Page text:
Can you give an example of a program that’s designed based on best practice?
MaineHousing offers a home modification program for older adult homeowners based on a best practice model developed by Sarah Szanton of John Hopkins. Working through local public housing authorities, we fund low-cost home improvements that keep residents safe and allow them to stay in their own homes. We track data before and after the improvement on the number of falls, trips to the emergency room, or calls to the fire department. We also track the cost of the home improvement. A research-based approach is a good way to bring good ideas to reality.

What are you most excited about in the next few years? 
I am most excited about finding the most efficient ways for MaineHousing to help those in need of our programs and services. The needs are great in our state, and we owe it to those who we help to deliver our resources to them in the most efficient manner possible.

We’ve also developed an in-house leadership development program for our staff, which is comprised of some of the most talented people in the country when it comes to affordable housing. My goal is to foster their development and cultivate the state’s affordable housing leaders of the future.

Affordable housing can be challenging work. What do you do to relax?
I am blessed to use the talents I have to help others every day. I love to golf, travel with my wife, listen to live music, and build relationships with friends and family. At the end of the day, it’s the memories and relationships that truly matter.

Q&A: Opportunity Zones

When Congress passed the new tax code in late 2017, a community development program was created to drive long-term investments in underserved areas across the country. NNEHIF’s president Bill Shanahan explains Opportunity Zones and what’s next for this new program.

What is the Opportunity Zone program and how would it work?
The “Investing in Opportunity Act” had been in the works, led by Senator Tim Scott, R-NC, Senator Corey Booker, D-NJ, when it was added to the tax bill. Essentially, it is a federal tax incentive that allows investors to shelter capital gains. For example, an investor has a capital gain event – it can come from real estate, stock sales, sale of a business, etc. – and can then take the proceeds and invest them in an Opportunity Fund for projects within an Opportunity Zone. Investors would reduce or eliminate their tax liability on their capital gains , and there is no cap on the amount of capital gains invested.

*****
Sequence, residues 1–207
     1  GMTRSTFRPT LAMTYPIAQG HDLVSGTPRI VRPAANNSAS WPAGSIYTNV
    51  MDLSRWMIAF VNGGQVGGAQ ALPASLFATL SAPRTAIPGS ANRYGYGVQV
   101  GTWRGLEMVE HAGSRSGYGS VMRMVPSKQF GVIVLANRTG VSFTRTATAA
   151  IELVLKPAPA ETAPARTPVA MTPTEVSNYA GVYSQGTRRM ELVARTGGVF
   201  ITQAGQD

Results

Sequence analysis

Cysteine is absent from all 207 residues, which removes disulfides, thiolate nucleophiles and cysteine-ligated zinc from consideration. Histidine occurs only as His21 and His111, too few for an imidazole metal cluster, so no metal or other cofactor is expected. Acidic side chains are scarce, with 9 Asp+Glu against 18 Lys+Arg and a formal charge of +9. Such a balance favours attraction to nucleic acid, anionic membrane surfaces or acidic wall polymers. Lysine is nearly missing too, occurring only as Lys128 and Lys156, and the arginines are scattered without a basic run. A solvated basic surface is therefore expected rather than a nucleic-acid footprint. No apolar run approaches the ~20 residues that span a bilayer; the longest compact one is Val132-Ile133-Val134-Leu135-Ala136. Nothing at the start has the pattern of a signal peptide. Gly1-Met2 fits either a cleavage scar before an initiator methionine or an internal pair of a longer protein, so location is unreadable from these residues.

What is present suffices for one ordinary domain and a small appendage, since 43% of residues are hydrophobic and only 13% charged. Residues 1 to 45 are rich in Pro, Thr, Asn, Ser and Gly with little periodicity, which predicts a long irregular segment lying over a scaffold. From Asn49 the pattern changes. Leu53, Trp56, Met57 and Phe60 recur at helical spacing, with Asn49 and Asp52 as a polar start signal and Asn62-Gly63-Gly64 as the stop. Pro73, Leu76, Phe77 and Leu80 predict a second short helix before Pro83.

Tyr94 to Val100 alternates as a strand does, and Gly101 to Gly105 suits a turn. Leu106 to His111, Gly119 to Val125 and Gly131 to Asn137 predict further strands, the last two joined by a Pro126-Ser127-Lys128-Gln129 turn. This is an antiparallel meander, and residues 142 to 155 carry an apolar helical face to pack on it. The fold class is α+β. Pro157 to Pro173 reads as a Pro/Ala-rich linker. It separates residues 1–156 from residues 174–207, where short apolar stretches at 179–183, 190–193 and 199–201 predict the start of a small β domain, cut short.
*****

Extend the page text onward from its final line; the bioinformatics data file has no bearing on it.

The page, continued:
What are the actual Opportunity Zones?
They are designated low-income census tracts eligible for these tax-favored investments. Governors nominated up to 25% of low-income census tracts in each state, which were then approved by Treasury, the department that oversees the program. 8,762 tracts nationwide were designated and certified. Unfortunately, the program does not allow for changes in these designated zones.

What are Opportunity Funds?
They are any investment vehicle organized (as a corporation or a partnership) for the purpose of aggregating and deploying investments in Qualified Opportunity Zone Property. Any eligible investor can “self-certify” and create an opportunity fund by filling out a one-page IRS form. The fund can have a private or public manager; have a national, regional, state, or local focus; or be a multi- or a single-asset fund. Also, funds are limited to making equity investments and cannot provide project debt.

That sounds quite broad. Are there other fund parameters?
There is no limit on where Opportunity Funds can invest (or how many projects), as long it is in one of the 8,762 approved census tracts. A fund must deploy at least 90% of its assets within an Opportunity Zone, and there must be an appreciation in value of the asset over time. The Treasury Department and the IRS recently issued its first guidance and revenue ruling.  It’s a good first step in clarifying how these funds will work and will go a long way in helping fund managers and investors structure investment funds.

How can this program help create more affordable housing?
There are very few rules or restrictions in the law itself. Funds can invest in real estate, but also in new or existing businesses, partnership, or stock. We in the industry are continuing to figure out how we can take advantage of Opportunity Funds and identify potential investors.

Has anyone in Northern New England moved forward with Opportunity Zones?
Both Maine and New Hampshire have certified Opportunity Zones, but New Hampshire has already made strides toward an Opportunity Fund for the state. The Granite Opportunity Fund is a partnership between the NH Department of Business and Economic Affairs, the NH Community Development Finance Authority, and other agencies, including the Community Development Finance Authority, NH Housing, the Community College System of New Hampshire, and NNEHIF. As the partners anticipate further guidelines, they continue to gather information, review projects funded by other programs, and engage local stakeholders.

2018_Q3 _opportunity zones